Editor’s note:India’s growing economy is attracting worldwide interest, evidenced by Wal-Mart Stores’ announcement in November 2006 of a joint venture with New Delhi-based Bharti Enterprises. Ritesh Gupta, a New Delhi-based reporter, filed this report for Chain Store Age on the country’s evolving retail marketplace.
Wal-Mart’s announcement of its agreement with Bharti Enterprises has resulted in plenty of activity. Much has been written in India about the repercussions of the “Wal-Mart Effect,” even though the U.S. retail giant’s role in the joint venture is restricted to only providing back-end support to its Indian partner (Bharti will be setting up the stores on its own, on a franchise basis).
But considering the fact that there are 12 million retailers in India, all the hullabaloo resulting from the Wal-Mart announcement is quite understandable. Especially when one considers that 97% of the total figure falls in the mom-and-pop retail category. What will happen to these millions of stores? Will the entry of global players result in a reduction of jobs?
Such concerns have resulted in an uproar. India’s Communist Party of India-Marxist (CPM), which provides support to the Congress-led United Progressive Alliance ruling government in India, has stated that a large number of small-scale players may go out of business.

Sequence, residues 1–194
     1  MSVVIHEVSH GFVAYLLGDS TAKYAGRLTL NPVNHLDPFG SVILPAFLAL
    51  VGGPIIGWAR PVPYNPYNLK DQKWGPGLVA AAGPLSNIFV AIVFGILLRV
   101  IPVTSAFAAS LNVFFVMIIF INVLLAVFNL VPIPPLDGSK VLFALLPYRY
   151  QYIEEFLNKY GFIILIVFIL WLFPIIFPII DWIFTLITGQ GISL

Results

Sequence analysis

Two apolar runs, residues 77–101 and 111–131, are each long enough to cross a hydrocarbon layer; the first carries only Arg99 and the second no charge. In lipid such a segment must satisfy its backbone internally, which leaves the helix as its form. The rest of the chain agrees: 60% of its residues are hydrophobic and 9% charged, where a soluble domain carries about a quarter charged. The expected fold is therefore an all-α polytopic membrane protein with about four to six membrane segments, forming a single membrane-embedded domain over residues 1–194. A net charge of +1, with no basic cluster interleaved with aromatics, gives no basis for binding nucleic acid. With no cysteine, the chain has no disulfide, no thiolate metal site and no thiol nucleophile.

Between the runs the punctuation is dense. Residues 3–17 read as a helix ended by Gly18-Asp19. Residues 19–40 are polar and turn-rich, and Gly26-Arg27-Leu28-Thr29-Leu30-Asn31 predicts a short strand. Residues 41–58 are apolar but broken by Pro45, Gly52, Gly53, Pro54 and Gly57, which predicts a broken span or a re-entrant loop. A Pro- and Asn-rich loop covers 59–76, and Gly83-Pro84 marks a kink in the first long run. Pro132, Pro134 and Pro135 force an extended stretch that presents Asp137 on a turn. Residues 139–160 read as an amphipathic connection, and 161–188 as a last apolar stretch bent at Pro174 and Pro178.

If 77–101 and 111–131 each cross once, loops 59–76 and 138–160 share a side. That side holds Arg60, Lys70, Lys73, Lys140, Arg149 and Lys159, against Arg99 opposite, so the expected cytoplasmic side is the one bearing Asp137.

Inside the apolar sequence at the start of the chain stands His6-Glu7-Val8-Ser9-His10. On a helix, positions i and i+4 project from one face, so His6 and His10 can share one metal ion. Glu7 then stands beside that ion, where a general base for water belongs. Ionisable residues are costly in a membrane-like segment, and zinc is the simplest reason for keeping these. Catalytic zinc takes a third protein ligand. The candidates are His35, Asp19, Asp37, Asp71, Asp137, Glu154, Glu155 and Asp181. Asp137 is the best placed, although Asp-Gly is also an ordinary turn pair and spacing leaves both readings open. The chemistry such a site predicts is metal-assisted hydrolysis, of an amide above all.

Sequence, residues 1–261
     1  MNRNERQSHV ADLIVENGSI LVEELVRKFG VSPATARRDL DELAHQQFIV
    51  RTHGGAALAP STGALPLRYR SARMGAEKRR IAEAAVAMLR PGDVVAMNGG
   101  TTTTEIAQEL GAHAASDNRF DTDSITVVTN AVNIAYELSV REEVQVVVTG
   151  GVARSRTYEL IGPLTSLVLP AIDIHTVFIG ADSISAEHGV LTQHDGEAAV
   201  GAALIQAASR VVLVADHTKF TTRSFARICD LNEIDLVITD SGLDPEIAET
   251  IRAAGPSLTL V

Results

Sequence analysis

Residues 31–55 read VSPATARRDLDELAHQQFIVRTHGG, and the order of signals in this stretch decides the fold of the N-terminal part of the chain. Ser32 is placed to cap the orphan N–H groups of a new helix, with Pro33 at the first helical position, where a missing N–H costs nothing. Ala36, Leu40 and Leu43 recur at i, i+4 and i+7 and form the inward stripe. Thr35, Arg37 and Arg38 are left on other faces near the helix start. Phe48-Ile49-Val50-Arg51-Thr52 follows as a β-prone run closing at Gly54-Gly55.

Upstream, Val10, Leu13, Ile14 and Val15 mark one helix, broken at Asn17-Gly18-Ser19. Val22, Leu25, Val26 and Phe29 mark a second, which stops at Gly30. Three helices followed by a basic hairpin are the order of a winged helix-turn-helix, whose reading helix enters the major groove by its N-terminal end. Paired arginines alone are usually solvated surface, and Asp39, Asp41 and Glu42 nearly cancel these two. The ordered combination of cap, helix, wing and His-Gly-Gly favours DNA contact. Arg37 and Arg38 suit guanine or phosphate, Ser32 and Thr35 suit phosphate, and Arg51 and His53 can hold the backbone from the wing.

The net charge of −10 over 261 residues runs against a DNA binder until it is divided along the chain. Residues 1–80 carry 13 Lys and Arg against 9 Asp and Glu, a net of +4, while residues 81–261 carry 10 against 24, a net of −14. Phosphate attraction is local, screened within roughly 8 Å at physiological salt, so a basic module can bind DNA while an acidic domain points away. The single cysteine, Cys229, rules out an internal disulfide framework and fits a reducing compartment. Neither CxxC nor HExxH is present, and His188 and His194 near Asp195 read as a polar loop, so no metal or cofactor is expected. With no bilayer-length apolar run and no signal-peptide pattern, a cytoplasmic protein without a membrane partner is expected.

Despite strong opposition to foreign involvement in India’s retail market, recent developments are quite encouraging. Traditionally, foreign direct investment (FDI) in India has been allowed only in the cash-and-carry segment (cash-and-carry stores are based around bulk buying and are mainly for wholesale customers) and single-brand retail. But in the last week of December, it appeared that India may allow FDI up to 51% in multibrand retail in specific sectors, such as electronics, sporting goods, stationery and building equipment.
Overall, analysts are bullish about the growth of retail in India. Technopak Advisors, a management-consulting company, expects retail sales to soar from US$300 billion in 2006 to US$427 by 2010 and $637 billion by 2015.
According to New Delhi-based Arvind Singhal, chairman, Technopak Advisors, rural India accounted for 55% of the retail market in 2006. The urban sector will receive 92% of the expected investments over the next five years. The share of chain retail is slated to grow from 3% in 2006 to 16% in 2011.
Singhal feels the Bharti-Wal-Mart joint venture will set a precedent for other established retailers to come to India.
“In the past, several international retailers decided not to enter India, believing that lack of FDI permissions was a deterrent,” he said. “With Woolworths [which signed technical and sourcing collaboration with Tata Sons’ Infiniti Retail] and Wal-Mart having decided to come to India through this kind of an arrangement, it can provide some confidence to other retailers to enter India through this mechanism.”
The feeling is that when the FDI restrictions on the retail industry in India are lifted, international retailers will be in a prime position to easily convert their cash-and-carry stores into highly profitable supermarkets and hypermarkets.